Background & aimsWith several options available for patients with moderate-severe ulcerative colitis (UC), rapidity of symptom resolution could be an important differentiator. We compared the efficacy and speed of onset of action of infliximab vs golimumab induction therapy using patient-level data from phase 3 trials (ACT-1, ACT-2, and PURSUIT-SC).
MethodsWe compared differences in proportions of patients who achieved the composite outcome of a rectal bleeding score=0 and stool frequency score ?1 (patient-reported outcome 2 remission) at weeks 2 and 6 of treatment with standard-dose infliximab vs golimumab using logistic generalized estimating equation. Overall efficacy for inducing clinical remission (Mayo clinic score <3) was compared using logistic regression. Analyses were adjusted for sex, disease extent, baseline clinical and endoscopic severity, C-reactive protein, albumin, body weight and concomitant medications (immunomosuppressives, corticosteroids, and 5-aminsalicylates).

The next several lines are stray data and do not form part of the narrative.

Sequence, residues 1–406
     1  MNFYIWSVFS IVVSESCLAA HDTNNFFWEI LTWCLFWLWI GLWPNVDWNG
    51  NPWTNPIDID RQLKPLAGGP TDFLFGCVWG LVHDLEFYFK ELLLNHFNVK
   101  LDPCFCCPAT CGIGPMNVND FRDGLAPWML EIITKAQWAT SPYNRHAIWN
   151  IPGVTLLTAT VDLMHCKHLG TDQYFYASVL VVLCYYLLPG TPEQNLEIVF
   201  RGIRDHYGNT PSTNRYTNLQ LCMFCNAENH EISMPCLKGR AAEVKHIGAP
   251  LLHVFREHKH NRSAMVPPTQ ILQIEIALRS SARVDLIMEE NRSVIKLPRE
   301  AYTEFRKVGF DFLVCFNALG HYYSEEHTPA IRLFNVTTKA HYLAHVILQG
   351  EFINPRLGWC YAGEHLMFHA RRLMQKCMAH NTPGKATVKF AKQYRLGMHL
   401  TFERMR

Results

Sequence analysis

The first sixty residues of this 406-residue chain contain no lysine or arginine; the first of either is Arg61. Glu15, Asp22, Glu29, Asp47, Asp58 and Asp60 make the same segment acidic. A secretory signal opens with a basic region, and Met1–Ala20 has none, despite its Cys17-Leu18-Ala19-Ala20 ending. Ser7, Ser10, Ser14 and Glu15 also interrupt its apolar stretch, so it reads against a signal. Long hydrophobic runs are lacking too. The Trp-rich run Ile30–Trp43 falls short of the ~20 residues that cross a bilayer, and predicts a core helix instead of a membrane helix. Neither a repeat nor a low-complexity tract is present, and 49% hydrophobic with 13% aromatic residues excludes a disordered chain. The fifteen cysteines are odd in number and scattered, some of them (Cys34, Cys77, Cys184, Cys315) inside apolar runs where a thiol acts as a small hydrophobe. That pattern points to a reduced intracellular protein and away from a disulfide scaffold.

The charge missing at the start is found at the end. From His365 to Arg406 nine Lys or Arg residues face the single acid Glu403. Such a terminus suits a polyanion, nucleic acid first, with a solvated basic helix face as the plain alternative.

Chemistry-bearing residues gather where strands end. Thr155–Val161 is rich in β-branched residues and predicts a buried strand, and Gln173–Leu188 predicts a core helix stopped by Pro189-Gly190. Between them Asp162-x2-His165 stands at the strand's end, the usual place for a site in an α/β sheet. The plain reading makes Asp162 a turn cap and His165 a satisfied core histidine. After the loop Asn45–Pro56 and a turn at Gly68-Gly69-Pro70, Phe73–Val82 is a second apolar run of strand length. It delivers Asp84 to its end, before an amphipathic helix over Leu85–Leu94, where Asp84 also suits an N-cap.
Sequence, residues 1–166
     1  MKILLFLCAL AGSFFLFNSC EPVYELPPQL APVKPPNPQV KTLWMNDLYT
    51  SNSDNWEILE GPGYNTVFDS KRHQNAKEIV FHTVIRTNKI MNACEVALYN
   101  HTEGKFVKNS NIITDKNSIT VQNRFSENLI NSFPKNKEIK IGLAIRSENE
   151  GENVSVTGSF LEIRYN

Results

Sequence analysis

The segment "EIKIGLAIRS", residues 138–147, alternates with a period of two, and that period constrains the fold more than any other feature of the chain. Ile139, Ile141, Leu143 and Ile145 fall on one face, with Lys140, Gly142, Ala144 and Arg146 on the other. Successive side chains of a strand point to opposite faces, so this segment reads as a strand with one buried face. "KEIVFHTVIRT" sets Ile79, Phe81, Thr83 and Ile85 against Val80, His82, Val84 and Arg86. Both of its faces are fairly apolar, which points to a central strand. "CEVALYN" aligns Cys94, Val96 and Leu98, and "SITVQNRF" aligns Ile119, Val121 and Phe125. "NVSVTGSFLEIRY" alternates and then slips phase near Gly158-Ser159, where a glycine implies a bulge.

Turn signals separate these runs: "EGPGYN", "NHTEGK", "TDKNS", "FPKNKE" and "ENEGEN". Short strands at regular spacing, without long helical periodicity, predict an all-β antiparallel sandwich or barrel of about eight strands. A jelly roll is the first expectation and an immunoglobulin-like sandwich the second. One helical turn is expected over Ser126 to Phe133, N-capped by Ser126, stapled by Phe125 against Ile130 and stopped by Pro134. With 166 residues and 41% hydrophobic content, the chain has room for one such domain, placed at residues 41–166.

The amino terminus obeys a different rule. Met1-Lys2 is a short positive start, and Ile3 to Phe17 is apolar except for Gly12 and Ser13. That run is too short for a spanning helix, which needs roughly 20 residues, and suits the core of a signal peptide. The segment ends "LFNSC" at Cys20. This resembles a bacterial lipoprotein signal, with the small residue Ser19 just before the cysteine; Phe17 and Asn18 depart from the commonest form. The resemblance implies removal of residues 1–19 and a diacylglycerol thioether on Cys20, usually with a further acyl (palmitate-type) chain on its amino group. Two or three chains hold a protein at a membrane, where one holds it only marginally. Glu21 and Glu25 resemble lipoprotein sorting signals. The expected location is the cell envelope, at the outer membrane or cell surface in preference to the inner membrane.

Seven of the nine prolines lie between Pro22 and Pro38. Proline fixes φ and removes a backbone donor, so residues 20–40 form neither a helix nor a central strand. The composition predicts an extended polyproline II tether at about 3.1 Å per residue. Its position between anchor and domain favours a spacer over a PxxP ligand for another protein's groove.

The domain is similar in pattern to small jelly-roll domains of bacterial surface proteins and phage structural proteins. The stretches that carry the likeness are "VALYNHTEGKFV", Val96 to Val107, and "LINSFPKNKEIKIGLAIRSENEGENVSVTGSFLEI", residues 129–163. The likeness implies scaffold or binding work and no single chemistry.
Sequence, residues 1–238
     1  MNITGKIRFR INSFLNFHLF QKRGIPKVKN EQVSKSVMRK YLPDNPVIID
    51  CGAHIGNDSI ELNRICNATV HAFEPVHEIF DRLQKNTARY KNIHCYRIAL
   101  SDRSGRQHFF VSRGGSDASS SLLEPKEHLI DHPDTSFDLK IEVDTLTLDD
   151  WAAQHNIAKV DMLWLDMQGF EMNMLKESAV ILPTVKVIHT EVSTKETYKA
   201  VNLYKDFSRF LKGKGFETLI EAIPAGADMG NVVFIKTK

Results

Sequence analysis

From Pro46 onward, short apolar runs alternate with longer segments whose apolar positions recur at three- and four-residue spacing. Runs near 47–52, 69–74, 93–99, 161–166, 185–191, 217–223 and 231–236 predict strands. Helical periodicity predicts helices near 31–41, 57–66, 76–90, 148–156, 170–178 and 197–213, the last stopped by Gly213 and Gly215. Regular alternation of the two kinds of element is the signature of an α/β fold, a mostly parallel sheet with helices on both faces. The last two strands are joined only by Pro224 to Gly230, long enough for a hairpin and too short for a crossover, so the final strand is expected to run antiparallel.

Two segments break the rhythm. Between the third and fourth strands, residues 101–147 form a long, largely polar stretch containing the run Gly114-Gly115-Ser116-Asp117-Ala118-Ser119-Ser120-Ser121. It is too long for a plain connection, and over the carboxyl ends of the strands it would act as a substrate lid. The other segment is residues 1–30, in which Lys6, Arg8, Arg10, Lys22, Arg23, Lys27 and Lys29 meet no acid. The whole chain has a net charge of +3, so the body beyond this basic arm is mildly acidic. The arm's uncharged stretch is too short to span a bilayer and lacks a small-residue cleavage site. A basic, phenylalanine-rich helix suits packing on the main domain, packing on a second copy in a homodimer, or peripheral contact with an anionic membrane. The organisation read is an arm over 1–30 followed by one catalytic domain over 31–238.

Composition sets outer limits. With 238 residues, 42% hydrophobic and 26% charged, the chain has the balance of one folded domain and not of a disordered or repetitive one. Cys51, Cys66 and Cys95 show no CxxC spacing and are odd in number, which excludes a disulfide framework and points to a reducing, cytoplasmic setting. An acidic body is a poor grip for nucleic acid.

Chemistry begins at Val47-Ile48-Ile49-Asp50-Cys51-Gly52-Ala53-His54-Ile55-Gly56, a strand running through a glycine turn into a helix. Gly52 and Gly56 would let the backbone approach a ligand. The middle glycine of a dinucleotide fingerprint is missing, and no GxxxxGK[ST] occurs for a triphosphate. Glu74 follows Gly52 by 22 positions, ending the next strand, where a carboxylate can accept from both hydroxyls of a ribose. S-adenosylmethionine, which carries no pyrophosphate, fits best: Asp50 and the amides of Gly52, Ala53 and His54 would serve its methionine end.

ResultsTrial populations were similar and no differences were observed among the placebo groups in the studies. A significantly higher proportion patients treated with infliximab than golimumab achieved patient-reported outcome 2 remission at week 2 (35% vs 30%; adjusted odds ratio [OR], 1.71; 95% CI, 1.15-2.55) and at week 6 (50.0% vs 38.9%; adjusted OR, 2.0; 95% CI, 1.40-2.94). Infliximab-treated patients were also significantly more likely to achieve clinical remission than golimumab-treated patients (adjusted OR, 3.01; 95% CI, 1.95-4.70), with consistent findings in patients with moderate or severe UC.
ConclusionsBased on a patient-level analysis of data from phase 3 trials, infliximab resolves symptoms more rapidly and has greater efficacy for inducing remission than golimumab in patients with moderate-to-severe UC.